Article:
8 Hours on a Machaan
Deep inside the heavily wooded forest of Corbett National Park rests a Machaan that gives shelter to hundreds of photographers, naturalists and tourists visiting Corbett every year. Approximately 30 feet in height, this old machaan gives a panoramic view of the picturesque Dhikala grasslands and the Ramganga river that supports a multitude of life forms in Corbett National Park. “The forest is always buzzing with activity,” the statement holds true once you spend a quite afternoon on this structure in the heart of wilderness.
It was the month of June when Kahini and I set off from the Gairal forest rest house in Corbett early in the morning in search of the dominant male tiger in the Khinnauli belt. We had been tracking the striped beauty for the last 2 days and our chances were becoming brighter as we saw fresh tracks early that morning along with frantic alarm calls of spotted deer. However luck was not in our favor again as after waiting for over 2 hours near the river side (where we were expecting the arrival of the tiger) the beast still eluded me and my camera.
As we continued our journey by heading towards the Dhikala grasslands the passing vehicles informed us about tiger movements on the Sambhar Road and we rushed towards our beloved Sambhar Road watchtower which gives the perfect view of the area in which the tiger was prowling. We boarded the machchan at 8:30 am and strained our ears to listen to the faintest of sounds of the alarm calls that would announce the arrival of the king. In the next couple of hours the forest went silent and the cool breeze put me to sleep. A watchtower can be a wonderful place for catching some sleep as the calmness and tranquility of the forest is very relaxing indeed.
The silence was broken by a black jungle crow that woke us up with his hoarse calls and to our surprise we sighted a beautiful collared falconet right in front of us. The atmosphere was filled with excitement yet again as a pair of pallas fishing eagle took off from inside the forest and stormed past the watchtower making a screeching sound giving us a great shot of the flight of the eagle. Following this Kahini spotted a pair of pied kingfishers hovering over the river in search of their lunch. Their close cousins – the white throated kingfishers – followed them and looked stunning with their colorful wings wide open.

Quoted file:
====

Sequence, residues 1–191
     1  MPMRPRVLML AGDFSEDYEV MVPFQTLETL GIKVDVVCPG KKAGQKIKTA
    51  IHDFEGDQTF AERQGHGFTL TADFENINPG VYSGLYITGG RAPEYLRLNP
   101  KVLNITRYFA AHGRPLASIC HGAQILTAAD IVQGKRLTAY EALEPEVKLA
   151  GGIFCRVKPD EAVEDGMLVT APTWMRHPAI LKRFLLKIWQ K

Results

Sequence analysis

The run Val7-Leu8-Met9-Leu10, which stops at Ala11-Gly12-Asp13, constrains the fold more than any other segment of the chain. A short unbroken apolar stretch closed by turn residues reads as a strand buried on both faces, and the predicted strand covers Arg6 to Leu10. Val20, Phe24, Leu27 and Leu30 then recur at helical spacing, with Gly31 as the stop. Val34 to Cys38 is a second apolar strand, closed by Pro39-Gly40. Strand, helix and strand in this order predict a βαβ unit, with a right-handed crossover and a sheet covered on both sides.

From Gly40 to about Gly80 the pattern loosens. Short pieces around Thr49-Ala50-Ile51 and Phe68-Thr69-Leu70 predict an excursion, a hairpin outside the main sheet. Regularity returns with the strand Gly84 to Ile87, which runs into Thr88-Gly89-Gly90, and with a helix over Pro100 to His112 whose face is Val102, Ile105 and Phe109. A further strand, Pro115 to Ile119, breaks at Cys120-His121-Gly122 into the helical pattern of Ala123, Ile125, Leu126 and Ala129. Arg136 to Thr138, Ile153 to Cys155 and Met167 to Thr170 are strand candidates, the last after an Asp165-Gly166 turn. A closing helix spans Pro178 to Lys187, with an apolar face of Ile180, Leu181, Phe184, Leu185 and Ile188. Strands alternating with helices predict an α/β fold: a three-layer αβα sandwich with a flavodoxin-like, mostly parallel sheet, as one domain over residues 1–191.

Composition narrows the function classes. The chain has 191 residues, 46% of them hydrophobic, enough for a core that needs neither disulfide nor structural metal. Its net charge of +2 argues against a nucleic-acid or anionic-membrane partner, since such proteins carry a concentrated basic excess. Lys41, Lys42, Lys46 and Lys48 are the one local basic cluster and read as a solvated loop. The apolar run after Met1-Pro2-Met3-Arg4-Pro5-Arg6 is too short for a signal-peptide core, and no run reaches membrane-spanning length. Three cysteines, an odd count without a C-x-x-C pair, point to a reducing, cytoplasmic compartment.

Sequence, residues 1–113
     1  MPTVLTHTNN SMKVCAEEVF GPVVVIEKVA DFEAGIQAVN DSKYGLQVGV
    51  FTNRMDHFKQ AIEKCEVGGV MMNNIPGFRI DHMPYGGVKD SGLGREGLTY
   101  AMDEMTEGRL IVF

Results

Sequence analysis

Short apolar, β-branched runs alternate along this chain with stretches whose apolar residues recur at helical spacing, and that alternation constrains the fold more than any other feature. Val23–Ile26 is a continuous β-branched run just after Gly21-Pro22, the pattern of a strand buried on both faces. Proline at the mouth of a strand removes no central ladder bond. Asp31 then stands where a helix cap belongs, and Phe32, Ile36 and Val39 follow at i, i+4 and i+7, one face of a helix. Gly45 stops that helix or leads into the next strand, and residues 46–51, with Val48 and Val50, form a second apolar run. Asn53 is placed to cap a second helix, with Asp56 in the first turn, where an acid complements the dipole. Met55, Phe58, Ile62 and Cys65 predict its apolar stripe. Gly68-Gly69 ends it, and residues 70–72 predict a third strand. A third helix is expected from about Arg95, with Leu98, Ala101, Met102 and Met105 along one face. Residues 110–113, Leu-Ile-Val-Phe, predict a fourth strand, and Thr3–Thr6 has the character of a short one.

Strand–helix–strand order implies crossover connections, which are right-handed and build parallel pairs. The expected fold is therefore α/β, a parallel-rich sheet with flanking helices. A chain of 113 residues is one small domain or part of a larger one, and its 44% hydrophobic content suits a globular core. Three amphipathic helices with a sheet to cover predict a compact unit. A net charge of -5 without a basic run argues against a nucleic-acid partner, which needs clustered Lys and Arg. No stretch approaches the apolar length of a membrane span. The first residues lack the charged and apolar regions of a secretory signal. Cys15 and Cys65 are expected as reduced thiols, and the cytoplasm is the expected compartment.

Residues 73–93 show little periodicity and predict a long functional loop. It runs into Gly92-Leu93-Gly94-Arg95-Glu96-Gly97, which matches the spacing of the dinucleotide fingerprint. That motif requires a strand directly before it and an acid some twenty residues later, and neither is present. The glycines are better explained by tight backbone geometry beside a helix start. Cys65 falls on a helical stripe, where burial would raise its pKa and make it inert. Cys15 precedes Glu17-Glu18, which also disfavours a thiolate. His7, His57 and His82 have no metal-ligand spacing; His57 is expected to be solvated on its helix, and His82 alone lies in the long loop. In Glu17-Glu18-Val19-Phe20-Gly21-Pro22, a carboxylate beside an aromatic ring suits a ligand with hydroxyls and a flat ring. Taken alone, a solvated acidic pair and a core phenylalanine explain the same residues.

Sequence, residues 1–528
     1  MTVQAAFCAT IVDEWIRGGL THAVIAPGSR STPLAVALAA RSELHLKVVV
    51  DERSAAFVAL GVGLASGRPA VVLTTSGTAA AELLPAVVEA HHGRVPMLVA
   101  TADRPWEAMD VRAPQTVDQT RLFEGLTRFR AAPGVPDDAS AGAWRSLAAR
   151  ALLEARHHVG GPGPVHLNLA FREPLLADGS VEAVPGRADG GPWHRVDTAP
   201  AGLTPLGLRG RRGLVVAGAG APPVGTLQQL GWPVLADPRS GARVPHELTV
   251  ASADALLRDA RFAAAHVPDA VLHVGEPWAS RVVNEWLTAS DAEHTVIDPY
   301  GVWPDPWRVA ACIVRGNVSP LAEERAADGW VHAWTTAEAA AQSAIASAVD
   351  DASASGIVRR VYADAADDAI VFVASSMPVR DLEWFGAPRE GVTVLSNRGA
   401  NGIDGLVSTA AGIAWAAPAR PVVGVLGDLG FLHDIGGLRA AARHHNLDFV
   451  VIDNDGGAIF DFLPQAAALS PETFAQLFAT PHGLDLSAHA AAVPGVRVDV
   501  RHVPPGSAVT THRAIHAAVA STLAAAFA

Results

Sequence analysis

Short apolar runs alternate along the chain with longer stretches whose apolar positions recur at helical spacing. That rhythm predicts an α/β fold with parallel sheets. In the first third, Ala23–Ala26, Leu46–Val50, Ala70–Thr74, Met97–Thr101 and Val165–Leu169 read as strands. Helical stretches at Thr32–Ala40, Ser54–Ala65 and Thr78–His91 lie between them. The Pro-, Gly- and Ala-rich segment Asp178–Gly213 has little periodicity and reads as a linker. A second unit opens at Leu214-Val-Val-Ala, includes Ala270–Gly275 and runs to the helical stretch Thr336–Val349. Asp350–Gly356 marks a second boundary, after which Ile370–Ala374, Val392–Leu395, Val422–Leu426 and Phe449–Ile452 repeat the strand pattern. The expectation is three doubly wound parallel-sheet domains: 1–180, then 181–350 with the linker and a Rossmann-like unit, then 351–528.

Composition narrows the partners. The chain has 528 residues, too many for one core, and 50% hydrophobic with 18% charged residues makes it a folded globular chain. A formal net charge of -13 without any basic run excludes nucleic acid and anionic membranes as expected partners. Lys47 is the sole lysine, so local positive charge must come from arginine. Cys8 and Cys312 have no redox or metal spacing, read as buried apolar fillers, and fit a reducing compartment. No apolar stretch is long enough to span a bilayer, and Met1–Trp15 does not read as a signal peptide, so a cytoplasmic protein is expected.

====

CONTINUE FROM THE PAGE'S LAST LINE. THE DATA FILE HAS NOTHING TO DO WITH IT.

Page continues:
Amidst the birding action, a small herd of spotted deer inched closure to the river and boosted our chances of tracking the tiger. The weather was perfect for a tiger to approach a water body as it was getting hotter and humid as the clock ticked. And then the spotted deers in front of us made a low alarm call. We could see that all the deers were pointing in one direction and stamping their feet in the water in nervousness.
The excitement was at its peak as this is what tiger tracking is all about. This is why the tiger sends shivers down the spines of the jungle folk when it moves fearlessly in forests of India. It was only a matter of time now and we were anxiously waiting as everything was falling into place… 10 minutes went by and by now the alarm calls became louder. Our eyes were glued to a patch of lantana from where we were expecting the tiger to come. My sleep had vanished and I was ready to shoot with my fingers half pressed on my camera shutter. It was 4 pm and with a slight disturbance in the lantana, out walked the tiger. Those magical stripes were shining brightly in the sun and the tiger walked past the deer herd majestically to choose his preferred spot in the river.
It was a big male and he rested royally in the middle of the sparkling Ramganga for the next 20 minutes!